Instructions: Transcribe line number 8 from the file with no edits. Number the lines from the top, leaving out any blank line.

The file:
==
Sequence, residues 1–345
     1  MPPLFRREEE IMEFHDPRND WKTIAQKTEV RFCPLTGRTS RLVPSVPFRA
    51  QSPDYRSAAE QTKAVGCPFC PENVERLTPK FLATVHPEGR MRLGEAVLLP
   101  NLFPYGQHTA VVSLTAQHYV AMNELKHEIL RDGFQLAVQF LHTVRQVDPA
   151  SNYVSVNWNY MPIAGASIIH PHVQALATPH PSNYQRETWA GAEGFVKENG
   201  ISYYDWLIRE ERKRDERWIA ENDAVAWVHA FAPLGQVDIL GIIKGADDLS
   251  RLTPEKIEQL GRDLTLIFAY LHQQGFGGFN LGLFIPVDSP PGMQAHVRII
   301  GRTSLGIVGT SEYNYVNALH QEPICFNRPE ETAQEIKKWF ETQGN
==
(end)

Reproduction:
   301  GRTSLGIVGT SEYNYVNALH QEPICFNRPE ETAQEIKKWF ETQGN